Students Practice Mindfulness, Prepare for School Day with Project Yoga
If you talk with students at William Howard Taft Elementary School or Carson School, they might just mention their amazing tree – a tree that has nothing to do with the great outdoors. Rather, they’re referring to what they’re learning through Project Yoga, a nonprofit program that brings the healing tools of yoga and mindfulness to students.
First-grade student Makayla Wilkerson says she feels happy and calm after each yoga session.
Yoga is effective in helping to establish psychological, emotional and physical safety within schools, explains Heather Calhoun, a Positive Behavior Interventions and Supports (PBIS) psychologist at CPS.
When children are stressed – from a challenge at home, a misunderstanding with a classmate or pressure to perform on a test – they, like all humans, can go into a highly reactive survival mode. Stress hormones start flowing, which increases the heart rate and breathing. The brain signals to fight or flight.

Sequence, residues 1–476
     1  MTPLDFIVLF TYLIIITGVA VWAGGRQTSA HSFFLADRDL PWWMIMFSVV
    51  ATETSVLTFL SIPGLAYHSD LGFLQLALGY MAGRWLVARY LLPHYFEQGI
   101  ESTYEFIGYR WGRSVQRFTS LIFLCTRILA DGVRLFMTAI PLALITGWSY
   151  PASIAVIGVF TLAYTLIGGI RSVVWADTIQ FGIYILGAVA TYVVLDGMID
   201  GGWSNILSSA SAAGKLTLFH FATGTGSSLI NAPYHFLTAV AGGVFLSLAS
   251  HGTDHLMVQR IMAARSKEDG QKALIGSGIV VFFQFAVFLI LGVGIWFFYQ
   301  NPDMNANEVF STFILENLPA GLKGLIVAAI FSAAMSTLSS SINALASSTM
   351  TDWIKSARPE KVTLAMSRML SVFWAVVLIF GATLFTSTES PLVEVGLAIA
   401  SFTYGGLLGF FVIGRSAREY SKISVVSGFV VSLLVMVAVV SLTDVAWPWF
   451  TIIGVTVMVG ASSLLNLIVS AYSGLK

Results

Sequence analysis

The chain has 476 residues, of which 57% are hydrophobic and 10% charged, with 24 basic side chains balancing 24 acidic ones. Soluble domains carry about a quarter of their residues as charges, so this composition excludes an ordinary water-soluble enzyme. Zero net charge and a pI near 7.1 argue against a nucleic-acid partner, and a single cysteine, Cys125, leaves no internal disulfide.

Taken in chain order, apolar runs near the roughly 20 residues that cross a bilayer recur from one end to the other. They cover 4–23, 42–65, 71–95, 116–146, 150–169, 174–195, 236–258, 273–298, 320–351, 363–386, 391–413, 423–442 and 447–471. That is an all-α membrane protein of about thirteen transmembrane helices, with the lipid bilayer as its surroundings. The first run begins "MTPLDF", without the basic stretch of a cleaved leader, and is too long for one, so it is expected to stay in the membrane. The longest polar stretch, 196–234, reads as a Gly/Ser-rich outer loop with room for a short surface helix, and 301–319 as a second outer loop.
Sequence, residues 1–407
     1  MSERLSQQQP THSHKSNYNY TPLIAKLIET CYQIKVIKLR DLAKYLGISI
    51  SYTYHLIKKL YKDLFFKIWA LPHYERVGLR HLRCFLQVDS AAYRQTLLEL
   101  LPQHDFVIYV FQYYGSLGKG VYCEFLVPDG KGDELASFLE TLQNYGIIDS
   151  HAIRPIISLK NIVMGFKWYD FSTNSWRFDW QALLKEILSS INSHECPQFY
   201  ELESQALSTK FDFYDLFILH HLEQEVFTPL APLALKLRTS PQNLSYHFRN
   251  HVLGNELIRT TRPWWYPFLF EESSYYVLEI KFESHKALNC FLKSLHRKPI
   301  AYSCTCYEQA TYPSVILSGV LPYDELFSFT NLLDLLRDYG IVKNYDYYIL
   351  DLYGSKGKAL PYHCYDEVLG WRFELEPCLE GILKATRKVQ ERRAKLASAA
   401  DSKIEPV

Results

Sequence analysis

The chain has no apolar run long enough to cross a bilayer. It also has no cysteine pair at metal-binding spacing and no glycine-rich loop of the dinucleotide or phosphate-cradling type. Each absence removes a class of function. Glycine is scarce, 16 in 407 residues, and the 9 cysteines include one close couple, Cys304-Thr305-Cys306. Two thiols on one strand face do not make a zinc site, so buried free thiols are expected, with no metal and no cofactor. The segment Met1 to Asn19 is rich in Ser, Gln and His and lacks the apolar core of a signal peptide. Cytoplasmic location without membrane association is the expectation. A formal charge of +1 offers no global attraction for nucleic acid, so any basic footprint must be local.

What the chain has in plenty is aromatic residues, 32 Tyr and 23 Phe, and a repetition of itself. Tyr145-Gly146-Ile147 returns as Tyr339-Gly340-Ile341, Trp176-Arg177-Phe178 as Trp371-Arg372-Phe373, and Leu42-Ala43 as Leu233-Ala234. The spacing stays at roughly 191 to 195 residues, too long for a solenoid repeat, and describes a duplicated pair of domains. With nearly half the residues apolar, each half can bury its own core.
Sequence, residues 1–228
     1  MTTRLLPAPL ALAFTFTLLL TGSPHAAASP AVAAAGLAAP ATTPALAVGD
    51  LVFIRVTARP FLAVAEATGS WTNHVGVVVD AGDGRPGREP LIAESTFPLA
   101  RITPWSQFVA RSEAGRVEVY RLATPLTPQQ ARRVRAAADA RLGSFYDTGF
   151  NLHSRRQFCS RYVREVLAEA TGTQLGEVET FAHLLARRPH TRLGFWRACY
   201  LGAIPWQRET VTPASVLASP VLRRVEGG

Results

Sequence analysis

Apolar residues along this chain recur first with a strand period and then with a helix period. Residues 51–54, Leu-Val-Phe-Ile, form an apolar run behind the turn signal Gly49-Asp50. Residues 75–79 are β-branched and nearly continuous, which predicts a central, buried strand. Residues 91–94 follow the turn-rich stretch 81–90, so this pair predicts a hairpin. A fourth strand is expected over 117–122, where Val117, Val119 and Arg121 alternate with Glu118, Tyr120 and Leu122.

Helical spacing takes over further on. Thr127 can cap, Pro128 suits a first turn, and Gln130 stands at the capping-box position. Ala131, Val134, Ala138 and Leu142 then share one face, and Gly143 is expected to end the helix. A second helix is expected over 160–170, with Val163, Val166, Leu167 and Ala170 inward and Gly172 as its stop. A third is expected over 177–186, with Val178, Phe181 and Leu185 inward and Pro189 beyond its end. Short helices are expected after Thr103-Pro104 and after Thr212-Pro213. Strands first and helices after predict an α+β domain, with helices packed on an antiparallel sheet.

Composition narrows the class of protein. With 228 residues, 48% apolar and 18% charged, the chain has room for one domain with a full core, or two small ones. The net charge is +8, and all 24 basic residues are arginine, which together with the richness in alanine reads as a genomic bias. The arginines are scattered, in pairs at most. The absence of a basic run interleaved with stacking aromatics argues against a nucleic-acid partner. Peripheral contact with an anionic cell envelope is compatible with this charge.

Yoga is a tool that hacks the brain’s stress response system. By intentionally slowing the breath, the brain calms. Students can consider the best way to handle a stressful situation and make a more positive choice. They are better able to learn and achieve.
Project Yoga’s Chairman of the Board Elizabeth McGee Mather said it’s magical to watch students learn yoga throughout the school year, and regain self-control by practicing breathing techniques.
“We’re empowering students with the tools to make choices and to be able to return to the classroom, which is huge,” McGee Mather said.
The skills students are learning, including self-management, responsible decision making and social awareness, align with Ohio’s K-12 Social and Emotional Learning Standards.
Calhoun says these skill sets can have a huge impact on equipping students to make positive choices.
“Yoga and mindfulness teaches everyone to just pause and take a breath. They teach us to respond versus react. Our children need these tools. Our families need these tools and our community needs these tools,” McGee Mather said.